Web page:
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Does the air pump control idle?

Old 07-11-11, 01:22 PM
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Does the air pump control idle?

On a S5 NA RX-7 (1990), does the air pump have anything to do with controlling the idle?

I'm building an SCCA road race car, so I removed the air pump and wired the 5th and 6th port and VDI open -- now the car won't idle. It starts and runs fine over 3,000rpm, but under that it sputters and stalls. I'm trying to figure out if this has anything to do with the air pump removal or if I knocked another hose off while I was pulling all this stuff.
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Old 07-11-11, 04:08 PM
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The air pump should not affect the idle. There is an idle control valve - do you still have it?

Mine has a rough time not stalling one it gets up to temps, but with a light foot on the throttle it will sit at 1k and run just fine. If your's cannot idle stable under 3k then you have another problem. Vac leaks are probably where you want to start.

-bill
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Old 07-11-11, 05:37 PM
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So this is where I begin to sound really stupid....

Is the idle air control valve the thing that you eliminate with something like this block off plate from Racing Beat? If so, then yes, I apparently took that off. The unit I removed was connected to the air pump via a tube, so I pulled everything and used a block off plate.

Outside of that, I thought it could be a vacuum problem, so I went through and capped the lines I'd forgotten about...that didn't make much difference.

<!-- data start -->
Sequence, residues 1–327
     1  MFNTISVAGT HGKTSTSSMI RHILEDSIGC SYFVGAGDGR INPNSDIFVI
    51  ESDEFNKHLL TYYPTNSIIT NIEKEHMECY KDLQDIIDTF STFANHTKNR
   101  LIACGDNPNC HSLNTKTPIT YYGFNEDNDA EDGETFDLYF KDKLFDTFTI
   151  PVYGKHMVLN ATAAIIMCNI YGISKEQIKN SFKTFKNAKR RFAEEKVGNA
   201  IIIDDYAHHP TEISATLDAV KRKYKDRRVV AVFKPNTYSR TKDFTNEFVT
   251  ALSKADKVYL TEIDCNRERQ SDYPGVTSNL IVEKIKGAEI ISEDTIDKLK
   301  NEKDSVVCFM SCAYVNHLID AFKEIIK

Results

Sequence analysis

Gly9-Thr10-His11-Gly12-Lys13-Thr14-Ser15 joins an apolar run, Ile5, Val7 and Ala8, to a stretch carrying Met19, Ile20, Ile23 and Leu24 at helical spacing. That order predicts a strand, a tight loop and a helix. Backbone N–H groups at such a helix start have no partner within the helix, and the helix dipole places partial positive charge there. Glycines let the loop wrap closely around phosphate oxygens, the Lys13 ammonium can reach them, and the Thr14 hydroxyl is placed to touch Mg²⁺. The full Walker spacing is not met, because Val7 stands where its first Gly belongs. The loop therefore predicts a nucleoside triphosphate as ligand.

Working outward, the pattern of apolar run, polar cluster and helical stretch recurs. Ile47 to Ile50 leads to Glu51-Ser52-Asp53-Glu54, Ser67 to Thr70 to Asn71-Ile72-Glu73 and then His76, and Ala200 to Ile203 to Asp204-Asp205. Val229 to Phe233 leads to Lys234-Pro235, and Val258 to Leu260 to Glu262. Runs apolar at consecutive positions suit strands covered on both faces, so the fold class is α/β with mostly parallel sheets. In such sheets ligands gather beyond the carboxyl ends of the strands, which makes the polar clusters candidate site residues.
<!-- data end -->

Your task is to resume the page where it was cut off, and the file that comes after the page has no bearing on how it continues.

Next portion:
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Old 07-12-11, 12:57 PM
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So I poked around the engine compartment this morning and found the idle control valve (or BAC, as the FSM seems to call it). Regardless, it is on the car. I also discovered that the air pump did feed an air line to the stock intake box, and according to one thread I found on a different forum, it provides about 2.1psi of pressure. But none of that gets me any further.

Reading that your car doesn't idle when warm but will stay running with your foot slightly on the throttle, I decided to warm the car up. It sputters and pops the most when cold and under 2,000rpm, but once the engine is warmed up, if I rest my foot on the gas it will idle at 1,000rpm.

So the main problem seems to be a cold idle problem. I'm not sure what that means, or if it is related to the tube that used to run from the air pump to the intake, but at least I now know I didn't screw things up too bad -- and now I have something else to research.
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Old 07-12-11, 02:26 PM
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You have to understand 80s EFI systems and the larger emissions issues with older rotaries to truly understand how and why the air pump works the way it does.

Any rotary engine before the Rx-8 Renesis has peripheral exhaust ports, meaning that they are on the rotor housings. This creates a natural EGR (exhaust gas recirculation) effect at low loads, causing combustion fluctuations that can lead to misfire. To prevent misfire the old engines run a rich AFR at idle (richer than 14.7:1 or lambda=1 for gasoline).

The problem with running richer than 14.7:1 air fuel ratio is that it results in higher fuel consumption but also increased HC and CO emissions. It also hurts conversion efficiency in the catalytic converter oxidation stage, the part of the converter where HC & CO are turned into CO2, H20, and O2. To address this and several other emissions issues, Mazda has a secondary air injection system.

On the FC, the secondary air injection system consists of:

1) A vane-type airpump driven by a belt
2) A port-air system which directs air to the exhaust ports, prior to the O2 sensor
3) A split-air system which directs air to the catalytic converter via the split air pipe
4) An anti-afterburn system which directs air to the intake manifold to prevent backfiring on deceleration
5) An air relief system which vents secondary air instead of sending it to the engine

Items 2-5 are mostly found within the Air Control Valve which has a series of valves that are mostly vacuum-operated and controlled through solenoids. The idle control system depends a little bit on what model FC you have, but it has these basic components: